Whangaripo Buffalo

August 2015

Cheese and other products from buffalo milk

The Wills and Armstrong families imported riverine buffalo from Australia three years ago to launch a cheese making business that generates a good income from small land area. They now have a milking herd of 25 cows, plus a similar number of young and replacement stock, meat producers and bulls. They make a range of soft cheeses and yoghurt from buffalo milk and sell at the Matakana Farmers Market and through restaurants.

Buffalo are milked in many countries, notably Italy, which has a tradition of fresh buffalo mozzarella. Australia is a source of the breeding stock, plus Italian semen. Buffalo milk has two-and-a-half times the milk solids of cows milk, with 4.5% protein, 8% fat, higher calcium, the same lactose (sugar) and half the cholesterol. It is also all A2 protein, not A1 (most cow’s milk) and people with dairy intolerance are often able to consume buffalo milk products.

Whangaripo Buffalo operates in two locations – the cheese making and young stock at Dairy Flat on 60ha of leased land associated with the Redvale Landfill, where the Wills family live (Chris is operations manager of the landfill); and the Whangaripo Valley farm of 20ha where the milking herd runs and is milked. The cheese plant used to be at Whangaripo but has now been relocated to Dairy Flat and the chilled milk is transferred in pails. The Dairy Flat location is more convenient for the family members. Annie Armstrong and her mother Pam Wills are the trained cheesemakers, while Phil Armstong is a builder and fisherman who goes to Whangaripo every afternoon for the once-a-day milking. Annie has an agriculture degree from Massey.

There is no buffalo meat processing or retailing as yet.

The bull is run with the cows all year round, thereby spreading calving throughout the year, which suits the cheese production and demand.

Annie and Pam attended the cheese making school at Putaruru and are now processing several days each week. Milk is pasturised and then inoculated with standard dairy rennet and starters. They make soft cheeses such as brie, ricotta, haloumi, peccarino, blue and will also be doing fresh mozzarella. They also make some buffalo yoghurts.

All products are sold from a stall at the Matakana Farmers Market on Saturday mornings. Some products are also being couriered to restaurants around the country.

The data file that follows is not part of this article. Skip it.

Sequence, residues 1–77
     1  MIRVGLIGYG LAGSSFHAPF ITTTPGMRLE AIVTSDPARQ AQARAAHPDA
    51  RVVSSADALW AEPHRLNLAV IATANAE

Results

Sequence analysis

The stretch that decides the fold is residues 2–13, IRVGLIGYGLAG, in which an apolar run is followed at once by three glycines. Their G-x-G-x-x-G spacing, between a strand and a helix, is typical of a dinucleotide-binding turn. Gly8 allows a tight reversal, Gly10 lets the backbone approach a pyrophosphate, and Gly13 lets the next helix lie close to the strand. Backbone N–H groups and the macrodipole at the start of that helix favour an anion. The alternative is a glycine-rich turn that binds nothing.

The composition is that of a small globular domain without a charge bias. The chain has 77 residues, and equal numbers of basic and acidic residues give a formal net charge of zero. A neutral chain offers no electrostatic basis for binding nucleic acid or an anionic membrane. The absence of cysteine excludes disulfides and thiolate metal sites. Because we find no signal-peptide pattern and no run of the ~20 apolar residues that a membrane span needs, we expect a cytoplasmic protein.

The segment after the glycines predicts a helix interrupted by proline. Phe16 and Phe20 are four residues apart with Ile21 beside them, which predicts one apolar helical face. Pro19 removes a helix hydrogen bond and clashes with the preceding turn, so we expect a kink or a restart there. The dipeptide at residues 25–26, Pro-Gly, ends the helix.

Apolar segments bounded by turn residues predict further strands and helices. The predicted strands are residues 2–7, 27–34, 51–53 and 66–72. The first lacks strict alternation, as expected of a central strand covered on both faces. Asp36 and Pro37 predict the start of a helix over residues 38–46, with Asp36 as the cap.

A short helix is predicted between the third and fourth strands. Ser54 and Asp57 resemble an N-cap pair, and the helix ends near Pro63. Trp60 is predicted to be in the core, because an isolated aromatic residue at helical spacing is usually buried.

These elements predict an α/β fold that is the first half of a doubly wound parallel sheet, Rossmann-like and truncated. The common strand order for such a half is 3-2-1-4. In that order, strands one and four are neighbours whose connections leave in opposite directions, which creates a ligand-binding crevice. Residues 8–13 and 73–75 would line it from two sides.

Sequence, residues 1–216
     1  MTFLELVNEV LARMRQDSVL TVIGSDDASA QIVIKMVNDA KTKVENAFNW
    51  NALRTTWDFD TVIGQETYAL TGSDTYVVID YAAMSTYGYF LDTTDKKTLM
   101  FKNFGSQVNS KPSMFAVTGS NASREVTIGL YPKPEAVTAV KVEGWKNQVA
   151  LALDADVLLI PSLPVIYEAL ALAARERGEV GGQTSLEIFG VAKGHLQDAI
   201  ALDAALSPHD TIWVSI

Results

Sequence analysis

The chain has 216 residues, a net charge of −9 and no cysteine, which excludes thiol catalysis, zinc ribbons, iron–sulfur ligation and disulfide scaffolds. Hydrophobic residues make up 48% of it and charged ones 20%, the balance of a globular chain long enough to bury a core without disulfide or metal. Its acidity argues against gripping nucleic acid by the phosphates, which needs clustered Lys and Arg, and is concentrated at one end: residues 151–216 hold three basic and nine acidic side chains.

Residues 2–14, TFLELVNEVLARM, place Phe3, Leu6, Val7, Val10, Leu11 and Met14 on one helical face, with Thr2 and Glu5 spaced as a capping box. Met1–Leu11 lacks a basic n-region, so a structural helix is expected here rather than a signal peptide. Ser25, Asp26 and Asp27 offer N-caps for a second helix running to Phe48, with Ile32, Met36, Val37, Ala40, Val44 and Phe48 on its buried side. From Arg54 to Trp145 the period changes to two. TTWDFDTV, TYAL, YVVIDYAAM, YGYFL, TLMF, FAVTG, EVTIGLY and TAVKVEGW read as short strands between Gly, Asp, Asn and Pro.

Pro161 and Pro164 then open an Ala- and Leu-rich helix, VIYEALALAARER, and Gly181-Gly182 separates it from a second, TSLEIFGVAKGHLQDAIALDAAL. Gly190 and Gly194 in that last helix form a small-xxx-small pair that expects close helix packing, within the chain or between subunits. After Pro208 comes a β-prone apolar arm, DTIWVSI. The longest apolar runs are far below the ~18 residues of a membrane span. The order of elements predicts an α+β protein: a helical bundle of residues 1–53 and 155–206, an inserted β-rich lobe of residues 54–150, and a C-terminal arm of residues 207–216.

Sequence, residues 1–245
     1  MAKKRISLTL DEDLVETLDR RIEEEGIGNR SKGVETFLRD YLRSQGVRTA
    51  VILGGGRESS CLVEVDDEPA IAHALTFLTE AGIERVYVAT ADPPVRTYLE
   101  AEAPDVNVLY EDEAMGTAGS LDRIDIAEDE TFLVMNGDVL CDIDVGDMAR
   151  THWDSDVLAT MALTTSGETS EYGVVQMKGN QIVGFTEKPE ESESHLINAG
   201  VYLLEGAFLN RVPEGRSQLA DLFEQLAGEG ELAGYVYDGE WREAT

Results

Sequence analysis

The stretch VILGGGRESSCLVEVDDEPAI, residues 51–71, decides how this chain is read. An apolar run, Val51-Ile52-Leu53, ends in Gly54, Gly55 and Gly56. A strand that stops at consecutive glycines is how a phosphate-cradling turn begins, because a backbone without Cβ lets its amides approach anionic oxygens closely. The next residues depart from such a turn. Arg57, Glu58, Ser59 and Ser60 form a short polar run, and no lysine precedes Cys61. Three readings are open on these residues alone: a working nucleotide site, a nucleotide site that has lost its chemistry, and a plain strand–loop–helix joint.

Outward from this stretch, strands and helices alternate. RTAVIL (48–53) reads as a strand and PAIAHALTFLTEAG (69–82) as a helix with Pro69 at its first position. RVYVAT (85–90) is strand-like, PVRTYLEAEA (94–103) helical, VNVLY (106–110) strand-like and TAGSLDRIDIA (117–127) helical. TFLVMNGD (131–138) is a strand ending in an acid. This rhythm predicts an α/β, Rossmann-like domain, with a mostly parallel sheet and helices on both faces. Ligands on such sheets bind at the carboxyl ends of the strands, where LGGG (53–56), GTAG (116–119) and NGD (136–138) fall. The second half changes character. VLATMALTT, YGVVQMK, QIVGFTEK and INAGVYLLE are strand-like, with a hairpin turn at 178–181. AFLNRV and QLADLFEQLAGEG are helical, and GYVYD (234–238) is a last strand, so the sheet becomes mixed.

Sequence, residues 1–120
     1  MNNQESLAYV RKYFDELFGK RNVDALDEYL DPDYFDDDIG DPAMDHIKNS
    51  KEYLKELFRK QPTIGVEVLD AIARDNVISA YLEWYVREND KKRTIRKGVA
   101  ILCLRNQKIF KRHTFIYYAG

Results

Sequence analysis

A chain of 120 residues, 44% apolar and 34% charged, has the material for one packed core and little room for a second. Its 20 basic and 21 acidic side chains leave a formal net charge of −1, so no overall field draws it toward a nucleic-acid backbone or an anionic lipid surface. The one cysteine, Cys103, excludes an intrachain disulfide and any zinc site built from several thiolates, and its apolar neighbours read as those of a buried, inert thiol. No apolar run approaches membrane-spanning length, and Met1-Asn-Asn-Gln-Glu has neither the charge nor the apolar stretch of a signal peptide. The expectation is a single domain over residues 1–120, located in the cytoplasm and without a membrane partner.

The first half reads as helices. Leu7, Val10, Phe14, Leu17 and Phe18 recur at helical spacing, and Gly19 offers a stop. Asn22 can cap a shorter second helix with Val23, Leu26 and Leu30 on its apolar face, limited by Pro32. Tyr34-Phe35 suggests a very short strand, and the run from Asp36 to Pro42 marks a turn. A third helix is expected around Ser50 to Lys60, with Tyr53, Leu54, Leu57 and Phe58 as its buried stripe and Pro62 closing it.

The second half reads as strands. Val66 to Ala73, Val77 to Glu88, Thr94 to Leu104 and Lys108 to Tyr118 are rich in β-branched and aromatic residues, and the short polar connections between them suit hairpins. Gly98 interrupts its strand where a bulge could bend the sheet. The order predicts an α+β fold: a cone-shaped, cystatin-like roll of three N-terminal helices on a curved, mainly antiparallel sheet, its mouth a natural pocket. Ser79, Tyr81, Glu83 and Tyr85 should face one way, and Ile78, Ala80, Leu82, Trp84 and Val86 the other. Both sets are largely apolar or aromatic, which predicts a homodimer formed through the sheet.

Cheese processing is done in a Portacom and finished or maturing products kept in chillers.

First calving is at two and a half years and buffalo will live up to 30 years, meaning a very low herd replacement rate. Lactattion occurs at 240 to 320 days and typical milk production is four to eight litres per day, with a maximum of 10 litres. Because their milk volume is smaller, the milksolids content is higher than cow’s milk.

The milking plant is standard, with some fine tuning of the vacuum, but special buffalo cup liners from Italy are used. The cows are walked in during the afternoon and milked between 3pm and 5pm every day. The herd cows are five years old on average, after being bought from NSW as in-calf heifers in one planeload of 20 animals. The importation was two bulls and 18 heifers, but one bull died. The remaining bull is the oldest buffalo at Whangaripo – seven years old.

During a recent visit to New Zealand, Juliet Harbutt – one of the world’s leading authorities on cheese, was invited to share her thoughts on the state of artisan cheese making in New Zealand.

She claims that New Zealand cheese makers face several disadvantages – one being that most of the cheeses are sold through the supermarkets rather than in Europe where they are sold through smaller, independent retailers and cheese shops.   This results in a situation where even the smallest cheesemaker in New Zealand has to get their product distributed nationwide and their cheese has to be sold in the supermarkets, adding a huge expense to the small, artisan producer.

Juliet believes there are huge opportunities for young cheese makers to make their mark on New Zealand cheeses in the same way as young wine makers did in the wine industry in a previous generation.

She says future challenges for cheese makers include distribution and cost of compliance, especially for smaller businesses.

Despite the challenges currently facing local artisan cheese makers, she says there are some word class cheeses being made here which would stack up against the European counterparts – among them Whangaripo Buffalo Cheese.